Imputation, The Transfer is Legal Union With and Because of that Christ Died
The Bible sometimes has imputation without transfer. For example, Psalm 106: 30-31 tells us that “Phinehas stood up and intervened and the plague was stayed and that was counted to him as righteousness.” Nobody replaced Phinehas or did his killing work for him, nor is the idea that something not really righteous got counted as righteous.
God counted Phinehas killing the two people as righteousness because it was righteousness, not to justify him but as sufficient cause to stop the plague against Israel. The story of Phinehas is not gospel, because it has no transfer to or from Jesus Christ.
God is righteous always and God imputes righteousness for what it is.
The Bible also has imputation, and transfer, and still no gospel.
When the sin of Adam is transferred to every human person (not when they are teenagers but when they are born), this transfer of guilt is not good news. God does not transfer the guilt of Adam to us because we are united to Adam in sharing the same nature.
United to Adam by his guilt transferred to us, we share Adam’s nature. To make the union something prior to the guilt keeps begging several questions. Unless we know that a transfer of guilt is unjust, we have no reason to define our union with Adam in metaphysical terms about the organic essence of the one and the many.
Transfer of guilt is union, and results in depravity and death. This depravity is not for the elect alone, because the guilt of Adam is not for the elect alone.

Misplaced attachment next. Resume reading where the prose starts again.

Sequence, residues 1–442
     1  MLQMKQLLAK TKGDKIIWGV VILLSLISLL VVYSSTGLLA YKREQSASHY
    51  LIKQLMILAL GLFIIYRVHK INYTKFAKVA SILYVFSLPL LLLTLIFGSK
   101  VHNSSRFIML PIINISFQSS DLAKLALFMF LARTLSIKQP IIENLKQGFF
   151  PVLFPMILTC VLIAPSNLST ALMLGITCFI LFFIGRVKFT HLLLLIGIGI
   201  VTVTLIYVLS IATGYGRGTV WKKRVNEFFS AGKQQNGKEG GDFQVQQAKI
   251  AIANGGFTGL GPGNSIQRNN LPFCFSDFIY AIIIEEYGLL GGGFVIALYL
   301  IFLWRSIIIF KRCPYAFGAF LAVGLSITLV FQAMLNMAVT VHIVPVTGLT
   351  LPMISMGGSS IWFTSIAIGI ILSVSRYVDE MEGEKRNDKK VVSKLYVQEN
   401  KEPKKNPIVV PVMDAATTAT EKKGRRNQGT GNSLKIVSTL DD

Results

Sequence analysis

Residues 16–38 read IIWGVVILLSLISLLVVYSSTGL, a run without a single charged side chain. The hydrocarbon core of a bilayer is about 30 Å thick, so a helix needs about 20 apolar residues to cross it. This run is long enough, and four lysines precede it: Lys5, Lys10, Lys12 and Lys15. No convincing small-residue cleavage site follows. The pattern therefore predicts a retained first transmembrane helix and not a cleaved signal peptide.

The gospel has a glorious transfer , but It is not a transfer of depravity. Christ was not imputed with the depravity of the elect, but with their guilt. Even though depravity is part of the punishment for imputed guilt, Christ was not imputed with depravity but with guilt.
Even though many Calvinists focus on the supposed “spiritual death” that Jesus experienced in the three hours before He died (see Michael Lawrence in It Is Well, or Harold Camping, or W. E. Best), the Bible itself never says that Christ Jesus experienced depravity, not even for three hours. Christ Jesus bore the guilt, the sins of the elect. The result of that was death.
The entire human race is now born guilty and depraved in nature. Christ was born truly human but not depraved. He did not have to be depraved to be human. Nor did He have to be guilty to be human. This means that Christ can be and was imputed with the guilt of the elect alone, and not with the guilt of the non-elect.
I do not know for sure when this guilt of the elect was transferred. Because of Christ’s lifelong suffering, I tend to agree with Smeaton that God transferred the guilt at His birth. Surely that guilt was not satisfied though until Christ died on account of the sins of the elect.
But what we can say for sure is that not only punishment for guilt, but that guilt itself was transferred to Christ. The gospel talks about election, because the gospel talks about Christ bearing sins.
Isaiah 53:5 speaks of the punishment which brought us peace. But Isaiah 53:6 also tells us that “The Lord has laid on Him the iniquity of us.” The servant Christ bore not only punishment but also iniquity.
There is no biblical reason to isolate three hours of existential agony from all the rest that Christ suffered. As God uses Satan to cast out Satan, God can and does use sin against sin. We do not have to look for something direct and without the involvement of humans.
God ordained specific sinners to sin against other specific sinners. And God ordained specific sinners to sin against the One who had been imputed with the sins of specific sinners. Using the power of the nation-state-empire, God punished Christ who was legally charged with all the sins of the elect alone. This is not unfair. It is good news but only for the elect.
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